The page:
On Sunday, I saw my first (and probably not my last) Baba Brinkman show, Rap Guide to Religion. It's the latest of the Canadian hip-hop artist's rap guides (he's also covered evolution, the Canterbury Tales, and the wilderness). It was a hit at the Edinburgh Festival Fringe and was part of the 2014 Edinburgh Encore series at SoHo Playhouse, where its currently in an extended run through March 1.

Brinkman is an atheist, but this isn't a show about attacking the religious beliefs of others. He is interested in exploring the evolution of religion. He's done thorough research, referring to various books and studies throughout the show, which has been fact-checked by scholars. Projections and videos illustrate his points and he keeps the show from getting too intellectual by including personal details about his family. It's easy to get caught up in what Brinkman is saying, skilled as he is in public speaking and rap, but to his credit, he doesn't just preach. He wants to start a conversation. After the show, he invites the audience to join him in the bar downstairs to chat over drinks.

Friday, February 13, 2015

Off-Broadway, Offices Provide the Setting For Master Classes in Acting

Allen Moyer's set for Rasheeda Speaking is so realistic that I had doctor's office anxiety just waiting for the show to begin. I didn't get anymore comfortable as it went on, but a play about office politics and racial tensions should not be pleasant.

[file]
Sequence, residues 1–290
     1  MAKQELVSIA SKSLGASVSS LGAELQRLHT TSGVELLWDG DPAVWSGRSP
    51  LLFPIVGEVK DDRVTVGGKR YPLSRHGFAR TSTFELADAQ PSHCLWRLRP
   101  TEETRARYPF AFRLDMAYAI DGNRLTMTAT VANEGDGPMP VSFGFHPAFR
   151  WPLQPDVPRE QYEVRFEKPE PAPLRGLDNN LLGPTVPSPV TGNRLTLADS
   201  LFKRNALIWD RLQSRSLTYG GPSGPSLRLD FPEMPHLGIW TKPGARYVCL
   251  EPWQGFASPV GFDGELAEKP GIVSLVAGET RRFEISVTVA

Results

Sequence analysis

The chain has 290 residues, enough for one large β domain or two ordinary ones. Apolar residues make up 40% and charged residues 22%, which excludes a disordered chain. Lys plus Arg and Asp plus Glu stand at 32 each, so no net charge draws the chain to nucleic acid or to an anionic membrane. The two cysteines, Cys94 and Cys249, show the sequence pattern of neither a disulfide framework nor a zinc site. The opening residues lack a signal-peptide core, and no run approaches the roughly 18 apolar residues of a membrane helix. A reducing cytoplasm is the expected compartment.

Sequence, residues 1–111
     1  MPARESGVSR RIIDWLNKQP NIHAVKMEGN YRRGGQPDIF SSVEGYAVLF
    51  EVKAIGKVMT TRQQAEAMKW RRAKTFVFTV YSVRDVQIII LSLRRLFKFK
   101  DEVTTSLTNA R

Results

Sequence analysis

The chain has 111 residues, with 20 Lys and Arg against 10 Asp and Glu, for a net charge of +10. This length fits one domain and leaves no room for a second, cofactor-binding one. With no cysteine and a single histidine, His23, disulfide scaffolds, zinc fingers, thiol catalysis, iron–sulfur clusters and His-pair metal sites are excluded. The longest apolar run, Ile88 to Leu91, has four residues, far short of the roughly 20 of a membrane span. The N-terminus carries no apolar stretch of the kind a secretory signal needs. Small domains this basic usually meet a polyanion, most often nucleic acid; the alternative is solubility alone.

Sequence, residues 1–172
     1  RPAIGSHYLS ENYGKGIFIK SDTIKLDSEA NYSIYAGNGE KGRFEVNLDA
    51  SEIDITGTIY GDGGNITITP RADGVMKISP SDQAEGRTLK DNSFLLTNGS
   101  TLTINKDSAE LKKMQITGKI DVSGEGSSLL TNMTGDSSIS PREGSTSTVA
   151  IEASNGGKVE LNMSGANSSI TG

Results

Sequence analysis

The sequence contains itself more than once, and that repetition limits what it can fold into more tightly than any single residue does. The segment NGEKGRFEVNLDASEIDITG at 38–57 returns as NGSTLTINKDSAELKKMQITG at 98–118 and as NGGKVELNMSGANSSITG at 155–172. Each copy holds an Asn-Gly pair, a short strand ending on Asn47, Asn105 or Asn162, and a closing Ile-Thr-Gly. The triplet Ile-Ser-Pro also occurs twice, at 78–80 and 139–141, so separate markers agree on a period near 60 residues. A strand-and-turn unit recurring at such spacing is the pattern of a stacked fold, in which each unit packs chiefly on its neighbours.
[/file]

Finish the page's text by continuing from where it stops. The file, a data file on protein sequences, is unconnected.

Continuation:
Photo credit: Monique Carboni
Jaclyn (Tonya Pinkins) and Ileen (Dianne Wiest) work in a surgeon's office. Jaclyn has been sick and away for a week. On the day she returns, Dr. Williams (Darren Goldstein) meets with Ileen, who he recently promoted to office manager, to tell her to keep an eye on Jaclyn. He's looking for an excuse to fire her. At first, Jaclyn and Ileen engage in polite office banter and passive aggression, which will be familiar to anyone who has ever worked in an office environment, but their behavior soon veers from the passive to the aggressive.

There are no easy answers in Joel Drake Johson's play, directed by Cynthia Nixon, making an impressive directorial debut. It's to his credit that there are no heroes and villains. Jaclyn is organized and efficient and Ileen is messy and scatterbrained, but Jaclyn can be rude and abrupt with patients, which we see firsthand when Rose (Patricia Connolly) comes into the office for her appointment. Characters make racist comments to Jaclyn, but she also comments that her neighbors speak "Mexican."

Towards the end, the play seems to lose its grasp on reality, but then it picks it up again, and Pinkins and Wiest manage to make every moment work.

Photo credit: Joan Marcus
A few blocks over at the Westside Theatre, is a different, but also convincing office--the set of Application Pending (designed by Colin McGurk). YouTube celebrity Christina Bianco plays Christine, the new head of preprimary admissions at Edgely Prep (she's inexplicably been promoted from kindergarten assistant), and about 40 other characters who call her on the phone. Written by Greg Edwards and Andy Sandberg, who also directs, the play is meant to shed a light on the cutthroat world of prep school admissions, but the jokes aren't new and the format repetitive. But let's call this show what it is, a showcase for Bianco's talents of imitation. Add her to the list of thrilling performances Off-Broadway right now, which also includes Pinkins and Wiest.